The Air Guitar: Developing a Cost-Effective Digital Guitar; Saved by the Dell: A Study of Technology Based Music Classes

Holton, Jacob, School of Engineering and Applied Science, University of Virginia
Powell, Harry, EN-Elec/Computer Engr Dept, University of Virginia
Neeley, Kathryn, EN-Engineering and Society, University of Virginia

“All we have to decide is what to do with the time that is given us.” (Tolkien, 2006, p. 19).
This quote from The Lord of the Rings captures the essence of pursuing an engineering degree at the University of Virginia. From “Intro to Engineering” and declaring a major to late nights at Thornton Hall and eventually completing your respective STS research and capstone projects, the University generates a myriad of challenges and opportunities for learning and growth. I decided to spend my time at UVA volunteering at Albemarle High School mentoring students and coaching. Listening to at-risk students explain the importance of music production classes to their personal and academic development inspired both my STS research and capstone project. It was neither my involvement in various engineering societies, nor my electrical engineering curriculum that inspired my final engineering projects. Instead, looking to my surrounding community and culture allowed me to see the world and the needs of the people in it from a new perspective.
High school education was no longer seemed a means to getting into the best college, but rather an important experience that could benefit greatly from sociotechnical innovations, especially in the budding technology-based music curriculum. This development occurred over the course of my four years in Charlottesville, but I did not notice it happening until I started the sociotechnical problem definition process in STS 4500. I could have finished my capstone project with an entertaining invention, but my STS research guided me along a path of discovery as to why I chose to make a digital guitar for use in music education. My capstone project brought about this question: Is technology beneficial or detrimental in education? Then, my STS research sought to use actor network theory to acknowledge and respond to that question. Unbeknownst to me, I was developing my thesis through my cultural experience in Charlottesville, but I needed STS to draw out and organize my thoughts into a research paper.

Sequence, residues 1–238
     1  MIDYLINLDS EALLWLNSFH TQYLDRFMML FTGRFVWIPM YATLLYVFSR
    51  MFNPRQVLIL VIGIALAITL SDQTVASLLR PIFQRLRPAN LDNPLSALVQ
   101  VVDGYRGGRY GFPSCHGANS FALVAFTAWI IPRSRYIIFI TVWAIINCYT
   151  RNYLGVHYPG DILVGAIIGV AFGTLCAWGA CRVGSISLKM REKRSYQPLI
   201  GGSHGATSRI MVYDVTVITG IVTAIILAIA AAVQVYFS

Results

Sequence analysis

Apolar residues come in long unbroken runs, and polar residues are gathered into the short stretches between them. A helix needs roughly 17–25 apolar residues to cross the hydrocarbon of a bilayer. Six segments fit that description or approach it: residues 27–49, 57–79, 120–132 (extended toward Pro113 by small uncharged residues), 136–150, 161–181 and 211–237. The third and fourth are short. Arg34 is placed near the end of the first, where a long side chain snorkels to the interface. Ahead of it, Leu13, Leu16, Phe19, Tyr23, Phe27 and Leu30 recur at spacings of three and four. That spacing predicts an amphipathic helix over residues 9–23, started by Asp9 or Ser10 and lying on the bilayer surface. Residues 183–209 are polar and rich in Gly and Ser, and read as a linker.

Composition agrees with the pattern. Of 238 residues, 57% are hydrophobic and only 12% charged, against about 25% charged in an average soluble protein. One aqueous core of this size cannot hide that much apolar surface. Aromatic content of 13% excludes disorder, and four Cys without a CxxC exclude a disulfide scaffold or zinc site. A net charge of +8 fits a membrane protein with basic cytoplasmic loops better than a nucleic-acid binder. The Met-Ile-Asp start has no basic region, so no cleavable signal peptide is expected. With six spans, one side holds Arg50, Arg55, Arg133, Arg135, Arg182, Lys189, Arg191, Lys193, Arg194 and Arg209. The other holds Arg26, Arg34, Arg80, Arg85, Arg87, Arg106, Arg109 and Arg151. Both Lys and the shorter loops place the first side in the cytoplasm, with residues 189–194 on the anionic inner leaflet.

To future engineering students, I offer this perspective: Engineering education provides all the tools necessary to developing a technical solution to a problem, but community and cultural experiences shape your ability to frame and solve sociotechnical problems. So, learn your partial differential equations, fluid dynamics, and solid-state physic, but remember to stop and look around beyond yourself at the vibrant culture surrounding you because that is where you understand the “socio” portion of a sociotechnical problem. Remember the words of Tolkien when you look to start your STS research and capstone projects because your time at SEAS is limited and it is up to you how to spend it.
I would like to acknowledge and thank my technical advisor Professor Harry Powell for providing me with knowledge, funding, and a space to accomplish my capstone project. Furthermore, I thank my capstone team members: Karan Chawla, Erik Haukenes, Hua Uehara, and Josie Li, for working diligently with me to complete our capstone project. Lastly, I acknowledge the staff and students at Albemarle High School for innovating the classroom and being the source of inspiration for my STS research paper.

Tolkien, J. R. R. (2006). The lord of the rings. Boston: Houghton Mifflin.

BS (Bachelor of Science)
Music Education, Technology Based Music Education, Guitar, Karplus Strong, One Laptop Per Child

School of Engineering and Applied Science
Bachelor of Science in Electrical Engineering
Technical Advisor: Harry Powell
STS Advisor: Kathryn Neeley
Technical Team Members: Karan Chawla, Erik Haukenes, Josie Li, Hua Uehara

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